Agree on points re: no provision to address being able to recover arrears or address over-holding - both of which may be made more likely due to the fact that this is increasing tenants' rights significantly without any increased responsibility on their part. As Karl Dieter once said "tenants in Ireland want marriage-style commitment but a tinder-style relationship"

Anyway, thankfully I have, by pure chance, just started the process of selling one rental property - have one more that I always intended to keep to possibly move into in old age but the way it's going I don't know.

Does anyone know anything about the annual RTB registration? Is that going to be 90 euro annually and still not applicable for tax?
 

AlbacoreA

Frequent Poster
Apparently these new rules are expected to be signed into law within the next fortnight -
https://www.thejournal.ie/rising-rents-eoghan-murphy-eoin-o-broin-4632272-May2019/

Any landlords thinking of getting out of the residential letting game might be well advised to move quickly ...

God help their tenants.:(
I don't think these make any real difference. The main issues are being locked into a really low rent especially with subsequent tenancies. For an even longer period. And also problems and long delays with getting problem and or non paying tenants out.. These problems have been there a long time now.

If you have good tenants and are happy with the rent in the it's viable no need to sell up.

The viability of getting into buy to let now seems unviable to me. Perhaps I'm wrong.

I think the worry of further changes is worrying.
 
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Sarenco

Frequent Poster
At least (as far as I know) they aren't backdating it. So if you have your notices in already, they'll still stand.
That's correct @AlbacoreA.

Any landlord thinking of issuing a notice of termination should have at least a month to do so under the current rules.

Bearing in mind that raising rent above an annualised 4% within an RPZ will shortly become a criminal offence, I suspect we will see a spike of termination notices issued over the coming weeks.

I think that's a crying shame but, hey, I don't make the rules...
 

Luternau

Frequent Poster
It's nuts that they can just fast track legislation to criminalise what is a civil matter (a contract between landlord and tenant). No doubt stacks of resources will be applied to enforcement of these new laws for social good. The govt must be seen to be tackling rogue landlords and the housing crisis of its own making.
In contrast, every day of the week motoring offences are going un-policed ultimately leaving dangerous drivers on the roads at a high social and financial cost to the state. We are told additional resources for policing are coming but no sign yet.
 
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lonelyplanet

Registered User
What is the changes with respect to termintation of a tenancy.? I am not in a RPZ but in anticipation of new legislation I informed tenants of a substantial increase as in rent due to the uncertainty of the governmental meddling. I have been very very fair but with the unknown meddling going on I am pushing up the rents. I am sick of the RTB and all the spin as regards protecting tenants rights and implying they are after rogue landlords which no doubt exist but feel the larger number of tenants are not held accountable to anything in all this legislation.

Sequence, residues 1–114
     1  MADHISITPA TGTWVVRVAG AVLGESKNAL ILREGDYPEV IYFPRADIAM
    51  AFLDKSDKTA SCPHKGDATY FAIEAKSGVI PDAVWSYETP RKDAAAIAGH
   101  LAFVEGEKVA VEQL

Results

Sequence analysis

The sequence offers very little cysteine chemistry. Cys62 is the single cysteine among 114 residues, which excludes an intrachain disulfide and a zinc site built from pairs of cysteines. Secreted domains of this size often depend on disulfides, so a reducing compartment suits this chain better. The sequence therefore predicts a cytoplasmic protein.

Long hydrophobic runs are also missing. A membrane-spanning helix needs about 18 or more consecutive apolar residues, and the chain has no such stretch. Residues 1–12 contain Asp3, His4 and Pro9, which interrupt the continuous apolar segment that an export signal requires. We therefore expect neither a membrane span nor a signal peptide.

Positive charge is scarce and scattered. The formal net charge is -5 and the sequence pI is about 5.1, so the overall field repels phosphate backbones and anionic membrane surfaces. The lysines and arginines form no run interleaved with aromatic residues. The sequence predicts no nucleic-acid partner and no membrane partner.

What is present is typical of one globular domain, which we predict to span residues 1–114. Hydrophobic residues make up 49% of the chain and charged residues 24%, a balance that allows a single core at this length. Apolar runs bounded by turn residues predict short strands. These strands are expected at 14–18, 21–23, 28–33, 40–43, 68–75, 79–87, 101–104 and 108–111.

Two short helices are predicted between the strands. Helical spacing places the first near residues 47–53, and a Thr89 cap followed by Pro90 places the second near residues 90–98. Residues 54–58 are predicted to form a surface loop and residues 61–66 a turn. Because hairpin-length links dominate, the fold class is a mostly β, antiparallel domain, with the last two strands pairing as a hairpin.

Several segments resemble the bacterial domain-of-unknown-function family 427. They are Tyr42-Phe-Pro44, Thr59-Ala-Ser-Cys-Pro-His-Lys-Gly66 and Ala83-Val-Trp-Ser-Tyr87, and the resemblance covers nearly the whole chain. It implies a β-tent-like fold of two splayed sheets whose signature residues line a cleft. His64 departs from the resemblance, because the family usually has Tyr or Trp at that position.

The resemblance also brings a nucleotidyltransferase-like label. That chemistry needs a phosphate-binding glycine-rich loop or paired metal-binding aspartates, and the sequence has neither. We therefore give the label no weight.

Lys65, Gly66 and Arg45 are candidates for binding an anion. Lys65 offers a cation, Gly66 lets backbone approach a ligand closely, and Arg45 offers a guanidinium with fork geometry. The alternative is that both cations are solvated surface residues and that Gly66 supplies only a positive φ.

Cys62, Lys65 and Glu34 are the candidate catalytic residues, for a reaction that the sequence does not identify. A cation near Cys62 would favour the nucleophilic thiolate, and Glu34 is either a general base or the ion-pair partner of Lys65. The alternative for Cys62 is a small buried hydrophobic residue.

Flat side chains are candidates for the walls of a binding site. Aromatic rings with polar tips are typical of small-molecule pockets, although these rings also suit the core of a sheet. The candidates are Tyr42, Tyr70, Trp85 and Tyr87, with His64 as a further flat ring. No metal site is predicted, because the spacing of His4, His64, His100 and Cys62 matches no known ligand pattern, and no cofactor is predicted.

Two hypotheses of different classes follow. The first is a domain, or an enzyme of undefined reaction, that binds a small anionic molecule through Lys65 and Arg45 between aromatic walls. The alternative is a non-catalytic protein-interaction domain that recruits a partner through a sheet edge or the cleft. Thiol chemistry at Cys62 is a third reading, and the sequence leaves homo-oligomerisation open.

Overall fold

Sarenco

Frequent Poster
What is the changes with respect to termintation of a tenancy.?
Essentially the notice periods are being extended in most case - here's a decent summary of the Bill as initiated:-

I'm afraid being fair (or even very, very fair;)) doesn't cut it any more - the State now decides what's "fair".

It genuinely amazes me that not a single Irish politician has spoken out against rent controls (to my knowledge). It's such a stoopid policy ...
 

WolfeTone

New Member
Its typically a political reaction to the here and now with little foresight for the future. Landlords are having a terrible, terrible time. Constantly being squeezed at every opportunity to the point of capital diversification.
Tenants on the other hand are on the pigs back. They dont have to pay rent if they dont want to and they can wreck the property at will, there are no consequences!
Its the populist position.
I think, after the introduction of these new measures we are reaching a tipping point. Landlords cannot put up with this situation any longer and the seeds of dissent are being sown.
Give it time, 12-18 months, and it will be landlords outside the GPO fighting for their rights and better conditions - and only right so.
 
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Sarenco

Frequent Poster
There is an interesting change in this legislation around getting an improved BER may qualify as enough to reset the Rent Cap.
Yeah, it's one element of the new definition as to what constitutes a "substantial change" to a property for the purposes of the exemption.

It will a pretty difficult standard to meet though - see Section 6(1)(c) of the Bill -